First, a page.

Friday, July 29, 2016

Tribune Editor Orme Leaves Paper

Former Trib Talk producer Napier-Pearce to take over.

Posted By on July 29, 2016, 8:32 PM

click to enlarge Former Salt Lake Tribune Editor Terry Orme. - NIKI CHAN
  • Niki Chan
  • Former Salt Lake Tribune Editor Terry Orme.
Two months after purchasing and becoming publisher of The Salt Lake Tribune, Paul Huntsman announced on Friday that Editor Terry Orme, a 39-year veteran of the newspaper, was no longer employed there.

In May, as Huntsman’s purchase of the 145-year-old newspaper was solidified, the businessman and son of industrialist and chemical magnate, Jon Huntsman Sr., said he would retain Orme as editor.

At the time, Orme told the Tribune he was “flattered they have trust in me.”

Orme, who was named editor and publisher in 2013 after 19 Tribune employees were laid off, is widely credited with shepherding the paper through its rockiest period. Shortly after taking the reins with nearly 20 percent fewer employees, Orme learned that the Deseret News and the Tribune’s former owner, Digital First Media, had renegotiated an agreement that detailed how certain parts of their businesses could commingle.

A large part of this agreement, known as a Joint Operating Agreement (JOA), involved sharing advertising sales departments and splitting the revenues. As the most widely distributed paper, the Tribune had long commanded the majority of this revenue, 58 percent. During the Fall of 2013, Orme discovered that the Tribune’s owner had sold for an undisclosed amount the majority of future print profits (70 percent) to the Deseret News.

The sale of the newspaper to a wealthy local family was heralded as a solid step toward saving the Tribune.
In an email to his staff on Friday morning, Orme apologized for not being able to say goodbye, and he said he’d leave it to Paul Huntsman to introduce the new editor.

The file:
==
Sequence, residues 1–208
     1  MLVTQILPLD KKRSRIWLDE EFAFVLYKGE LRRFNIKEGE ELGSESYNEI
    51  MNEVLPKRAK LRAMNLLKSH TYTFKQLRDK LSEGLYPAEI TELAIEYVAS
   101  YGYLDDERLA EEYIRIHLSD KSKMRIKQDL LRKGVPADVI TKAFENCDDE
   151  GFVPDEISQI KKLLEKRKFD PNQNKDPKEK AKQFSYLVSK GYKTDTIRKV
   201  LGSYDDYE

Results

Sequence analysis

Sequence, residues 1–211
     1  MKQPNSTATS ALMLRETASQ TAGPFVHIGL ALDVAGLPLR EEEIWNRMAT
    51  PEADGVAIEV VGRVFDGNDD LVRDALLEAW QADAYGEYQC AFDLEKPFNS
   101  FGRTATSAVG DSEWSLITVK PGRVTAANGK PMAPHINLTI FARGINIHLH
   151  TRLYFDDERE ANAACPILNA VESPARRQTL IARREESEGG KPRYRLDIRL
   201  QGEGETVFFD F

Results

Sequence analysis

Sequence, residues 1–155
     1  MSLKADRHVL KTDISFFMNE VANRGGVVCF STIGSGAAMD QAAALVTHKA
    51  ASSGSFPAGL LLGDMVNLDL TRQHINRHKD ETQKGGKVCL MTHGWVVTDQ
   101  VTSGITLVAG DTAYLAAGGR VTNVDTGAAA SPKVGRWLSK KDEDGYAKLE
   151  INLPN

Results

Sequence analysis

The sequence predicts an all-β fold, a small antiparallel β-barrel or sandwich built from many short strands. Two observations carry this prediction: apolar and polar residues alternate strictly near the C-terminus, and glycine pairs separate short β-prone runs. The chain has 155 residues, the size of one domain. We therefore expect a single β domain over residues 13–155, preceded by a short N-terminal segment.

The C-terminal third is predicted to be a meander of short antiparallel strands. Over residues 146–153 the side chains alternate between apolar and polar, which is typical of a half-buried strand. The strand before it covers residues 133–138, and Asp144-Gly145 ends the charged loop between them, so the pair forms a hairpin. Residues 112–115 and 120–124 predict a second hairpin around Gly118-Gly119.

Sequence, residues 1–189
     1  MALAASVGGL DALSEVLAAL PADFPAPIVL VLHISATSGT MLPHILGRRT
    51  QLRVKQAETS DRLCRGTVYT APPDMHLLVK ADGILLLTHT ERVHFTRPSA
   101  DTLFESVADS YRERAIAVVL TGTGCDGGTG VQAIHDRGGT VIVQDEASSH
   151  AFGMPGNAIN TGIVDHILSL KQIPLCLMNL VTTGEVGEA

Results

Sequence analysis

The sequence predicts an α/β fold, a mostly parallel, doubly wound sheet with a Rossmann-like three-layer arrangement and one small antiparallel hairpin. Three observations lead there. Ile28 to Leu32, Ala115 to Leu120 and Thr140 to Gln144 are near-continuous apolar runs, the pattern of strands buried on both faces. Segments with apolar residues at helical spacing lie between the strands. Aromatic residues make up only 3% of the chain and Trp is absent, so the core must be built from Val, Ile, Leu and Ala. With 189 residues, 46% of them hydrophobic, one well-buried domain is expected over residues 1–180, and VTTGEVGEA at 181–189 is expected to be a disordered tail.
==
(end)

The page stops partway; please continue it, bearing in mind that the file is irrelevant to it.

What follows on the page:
“I have walked through a door marked The Salt Lake Tribune most days for most of the last four decades,” Orme wrote. “Today was the last time.”

In a news release, Huntsman lauded Orme’s tenure at the Tribune, while simultaneously announcing that former Tribune employee, Jennifer Napier-Pearce, who produced the paper’s online radio show, Trib Talk, would be taking over as editor.

In the news release, Huntsman does not say whether Orme was fired or if he left on his own terms. He does say that he would like the newspaper move into a more digitally-minded track. “While I seek a more digitally-focused Tribune with an editor who understands and assumes responsibility for that crucial lifeline to The Tribune’s future,” Huntsman wrote, “there always will be a significant journalistic role for Terry at The Tribune should he want it.”

Orme did not immediately return a call seeking comment.

Napier-Pearce, the news release says, has enjoyed a 20-year career in journalism. She has been a reporter and news director at KUER 90.1 FM and KCPW 88.3 FM. In addition to Trib Talk, Napier-Pearce also created a weekly news roundtable that airs on KCPW.

“I’m honored and humbled by this opportunity, and thrilled to be rejoining Utah’s finest reporters in the important work that is journalism,” Napier-Pearce, who is married to Utah Supreme Court Justice John A. Pearce, said in the news release. “This is a pivotal time for media generally and I’ll do everything I can to ensure The Tribune remains Utah’s journalistic leader, giving voice to the voiceless, holding power accountable and delivering great storytelling for years to come.”

While the past two months have been looking up for the Tribune, Orme’s sudden departure, laced with scant information, casts a shadow over the direction of the paper. During his tenure as editor and publisher, Orme said on more than one occasion that he would rather quit than chop another employee from his newsroom.

Joan O’Brien, a former Tribune employee, who in 2013 formed the Utah Newspaper Project to investigate the circumstances behind the profit-sharing deal that many believed would kill the Tribune, said she is concerned that Orme’s departure could spell layoffs.

At the same time, O’Brien said her group, which dropped a federal lawsuit it had filed against the Tribune and the Deseret News over the profit split when Huntsman managed to renegotiate the deal, says it’s not entirely surprising that Huntsman would make changes to upper management.

“When we were doing our fight all of those years, I think what we felt like we were fighting for was a staff, a collection of individuals, who were led by Terry,” O’Brien told City Weekly. “I’m saddened by his departure under any terms other than his own terms. He was absolutely a heroic figure.”

Tribune Deputy Editor Tim Fitzpatrick will act as interim editor until Napier-Pearce takes over on Sept. 1.
In his statement, Huntsman had nothing but good to say about Orme.

“Throughout his career, Terry stepped up and performed ably and admirably,” Huntsman wrote. “Most recently, he led The Tribune through grueling times of bleak finances and staff layoffs. He is a highly competent professional of impeccable integrity, decency and commitment to independent news coverage in Utah—qualities synonymous with The Salt Lake Tribune.”
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